May 22, 2019
Top nod to UOW podcaster
Journalism academic awarded for ‘wrong skin’
A podcast co-produced by UOW Journalism Associate Professor Siobhan McHugh has taken out top gong at the 2019 Australian Podcast Awards on Saturday night.
Wrong Skin was named Podcast of the Year at the nation’s most prestigious podcasting awards night.
Professor McHugh collaborated with a team from The Age including Richard Baker, Greg Muller, Tom McKendrick, Rachael Dexter and Tim Young, as consulting producer in the 10-part series.
Almost one year since it was released, the podcast about forbidden love under Aboriginal law set in outback Western Australia, also won the Investigative Journalism & True Crime Award. This follows its win at the Melbourne Press Club Quills awards in March, where the judges called Wrong Skin “the best example of what podcasting can be for journalism”.
“We’re so thrilled it was recognised,” Professor McHugh said.
“It’s an unpalatable story in many ways. It’s about blackfellas calling out other blackfellas for behaviour that is very unsavoury to say the very least.”
Wrong Skin explores the unsolved, suspicious death of Julie Buck and the missing body of Richard Milgin.
“It’s complex because you have people who are already oppressed, who are further-marginalised by their own people. It’s a story that’s nuanced, a sensitive one to tell. These communities are very close, these people are sometimes afraid to talk and there’s a sense of people battening down the hatches and not wanting to talk to outsiders.”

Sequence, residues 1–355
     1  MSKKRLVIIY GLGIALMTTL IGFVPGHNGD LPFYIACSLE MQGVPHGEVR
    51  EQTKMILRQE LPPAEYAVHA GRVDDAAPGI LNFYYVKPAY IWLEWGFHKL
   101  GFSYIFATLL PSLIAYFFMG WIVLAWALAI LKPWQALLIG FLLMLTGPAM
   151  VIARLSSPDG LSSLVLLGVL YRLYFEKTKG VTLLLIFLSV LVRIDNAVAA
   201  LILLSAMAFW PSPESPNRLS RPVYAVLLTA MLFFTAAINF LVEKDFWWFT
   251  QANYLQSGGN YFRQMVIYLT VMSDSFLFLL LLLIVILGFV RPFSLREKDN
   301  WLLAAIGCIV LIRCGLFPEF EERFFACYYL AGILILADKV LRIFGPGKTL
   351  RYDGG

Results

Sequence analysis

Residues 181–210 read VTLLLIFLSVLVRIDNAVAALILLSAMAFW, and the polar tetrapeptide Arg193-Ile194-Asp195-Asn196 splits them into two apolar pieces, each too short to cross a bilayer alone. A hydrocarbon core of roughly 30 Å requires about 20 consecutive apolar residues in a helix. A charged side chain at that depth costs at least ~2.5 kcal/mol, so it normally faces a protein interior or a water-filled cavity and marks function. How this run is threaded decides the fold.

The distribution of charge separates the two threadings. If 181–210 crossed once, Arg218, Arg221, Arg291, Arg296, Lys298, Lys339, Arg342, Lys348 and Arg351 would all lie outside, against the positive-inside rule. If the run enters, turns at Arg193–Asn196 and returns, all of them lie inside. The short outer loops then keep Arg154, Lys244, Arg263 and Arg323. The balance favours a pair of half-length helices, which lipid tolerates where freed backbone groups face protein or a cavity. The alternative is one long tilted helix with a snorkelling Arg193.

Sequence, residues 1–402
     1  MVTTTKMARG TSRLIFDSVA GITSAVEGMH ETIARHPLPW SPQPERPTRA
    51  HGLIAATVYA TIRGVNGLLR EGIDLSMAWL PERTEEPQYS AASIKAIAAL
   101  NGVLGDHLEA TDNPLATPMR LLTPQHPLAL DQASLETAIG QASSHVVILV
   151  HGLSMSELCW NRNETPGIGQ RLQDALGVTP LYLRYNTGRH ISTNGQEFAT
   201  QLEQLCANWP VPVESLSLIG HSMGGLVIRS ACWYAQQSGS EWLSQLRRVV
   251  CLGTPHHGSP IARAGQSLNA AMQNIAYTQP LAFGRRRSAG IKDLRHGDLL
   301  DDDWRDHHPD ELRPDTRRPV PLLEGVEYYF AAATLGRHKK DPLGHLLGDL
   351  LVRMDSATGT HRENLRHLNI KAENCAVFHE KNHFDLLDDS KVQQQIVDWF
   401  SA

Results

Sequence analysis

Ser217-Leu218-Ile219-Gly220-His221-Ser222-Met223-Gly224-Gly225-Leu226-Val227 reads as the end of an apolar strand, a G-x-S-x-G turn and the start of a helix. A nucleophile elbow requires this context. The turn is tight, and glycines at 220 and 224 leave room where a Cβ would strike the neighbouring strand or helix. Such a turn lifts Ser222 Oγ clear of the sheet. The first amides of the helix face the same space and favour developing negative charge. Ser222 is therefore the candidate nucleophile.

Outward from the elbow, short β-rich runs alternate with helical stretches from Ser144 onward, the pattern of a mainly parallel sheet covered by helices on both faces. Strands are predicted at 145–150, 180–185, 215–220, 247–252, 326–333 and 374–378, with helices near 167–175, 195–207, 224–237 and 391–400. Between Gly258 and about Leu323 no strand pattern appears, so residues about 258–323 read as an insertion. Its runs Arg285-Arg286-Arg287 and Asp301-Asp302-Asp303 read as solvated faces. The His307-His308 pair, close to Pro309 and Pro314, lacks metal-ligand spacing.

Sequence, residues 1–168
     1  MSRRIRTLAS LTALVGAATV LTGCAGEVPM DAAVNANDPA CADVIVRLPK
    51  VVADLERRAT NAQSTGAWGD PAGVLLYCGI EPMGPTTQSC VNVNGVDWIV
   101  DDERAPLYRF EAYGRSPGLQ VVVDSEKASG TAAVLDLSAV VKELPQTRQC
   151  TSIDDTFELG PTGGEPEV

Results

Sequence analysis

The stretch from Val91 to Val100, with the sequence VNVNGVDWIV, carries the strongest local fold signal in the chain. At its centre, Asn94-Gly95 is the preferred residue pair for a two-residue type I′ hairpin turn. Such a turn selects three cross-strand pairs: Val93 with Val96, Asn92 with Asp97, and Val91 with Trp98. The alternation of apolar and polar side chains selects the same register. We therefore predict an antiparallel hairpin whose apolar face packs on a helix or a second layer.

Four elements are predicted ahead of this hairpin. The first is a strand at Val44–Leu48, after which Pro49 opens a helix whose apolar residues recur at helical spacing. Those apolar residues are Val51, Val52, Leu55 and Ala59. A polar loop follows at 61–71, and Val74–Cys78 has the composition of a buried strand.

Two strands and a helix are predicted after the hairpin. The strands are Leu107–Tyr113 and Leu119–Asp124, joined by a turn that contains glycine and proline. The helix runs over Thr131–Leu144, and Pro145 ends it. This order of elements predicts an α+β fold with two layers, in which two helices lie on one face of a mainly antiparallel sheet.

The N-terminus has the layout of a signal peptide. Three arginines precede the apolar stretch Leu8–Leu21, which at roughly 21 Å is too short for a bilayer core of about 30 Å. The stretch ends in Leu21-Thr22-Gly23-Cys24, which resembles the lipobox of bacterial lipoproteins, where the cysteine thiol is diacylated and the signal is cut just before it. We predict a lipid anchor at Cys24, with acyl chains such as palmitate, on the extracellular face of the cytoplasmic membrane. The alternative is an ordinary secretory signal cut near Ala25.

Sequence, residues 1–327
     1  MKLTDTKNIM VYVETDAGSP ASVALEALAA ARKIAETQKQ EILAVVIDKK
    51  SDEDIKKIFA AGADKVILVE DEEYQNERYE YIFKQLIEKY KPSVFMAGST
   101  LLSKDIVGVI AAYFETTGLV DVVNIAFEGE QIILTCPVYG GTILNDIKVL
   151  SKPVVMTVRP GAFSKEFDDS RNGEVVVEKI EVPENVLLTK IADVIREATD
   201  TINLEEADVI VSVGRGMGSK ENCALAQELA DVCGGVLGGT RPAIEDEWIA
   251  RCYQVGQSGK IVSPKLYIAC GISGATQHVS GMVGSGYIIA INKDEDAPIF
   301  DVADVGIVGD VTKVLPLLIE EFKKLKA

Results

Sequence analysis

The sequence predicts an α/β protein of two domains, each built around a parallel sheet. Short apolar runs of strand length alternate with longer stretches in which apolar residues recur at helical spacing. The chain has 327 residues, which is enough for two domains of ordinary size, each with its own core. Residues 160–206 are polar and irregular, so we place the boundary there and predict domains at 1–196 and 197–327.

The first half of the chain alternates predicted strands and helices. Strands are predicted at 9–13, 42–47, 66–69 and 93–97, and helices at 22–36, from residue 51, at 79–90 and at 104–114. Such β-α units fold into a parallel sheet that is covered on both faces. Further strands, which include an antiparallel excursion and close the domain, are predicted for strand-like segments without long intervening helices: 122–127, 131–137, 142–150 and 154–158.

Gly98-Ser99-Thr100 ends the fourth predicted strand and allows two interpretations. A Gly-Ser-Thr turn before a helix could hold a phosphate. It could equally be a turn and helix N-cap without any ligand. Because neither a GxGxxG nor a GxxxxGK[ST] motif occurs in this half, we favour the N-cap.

Professor McHugh, the “script doctor”, worked to make the podcast’s sound more aesthetically-pleasing, and the script and content more coherent.
She was conscious of bringing the setting to life.
“You had the beautiful environmental sound of the Kimberley in WA,” Professor McHugh said.
“They would stop the car if a flock of birds went past and stand there in the middle of nowhere with a phone out, trying to get the ambient sound of the bush.
“There’s a bit by the river, there’s this splash where Wayne jumps in for a swim. That splash really takes you to the place, you create a mental picture of the importance of the river in such a dry, hot area.”
She said podcasting is providing reporters with an outlet for long-form journalism, a way of humanising the news and giving audiences the deep, impactful stories they have been yearning for.
“It [Wrong Skin] could only have been told in the podcast medium,” Professor McHugh said.
“I think podcasting is to audio storytelling what the slow food movement is to gastronomy, there was this reaction to the fast food craze and people wanted the joy of casseroles that simmered away. It’s the same with narrative podcasts.”
Her podcast recommendations include In the Dark, Silent Waves, UOW’s own Social Worker Stories and Can You Tell Me Why? and anything by Michael Barbaro, host of The Daily.
Professor McHugh’s keeping the details of her next project with Richard Baker under wraps.
“But let me tell you, there’s geopolitics, crime and a lot of drugs involved,” she said.
Associate Professor Siobhan McHugh (left) pictured at the 2019 Australian Podcast Awards.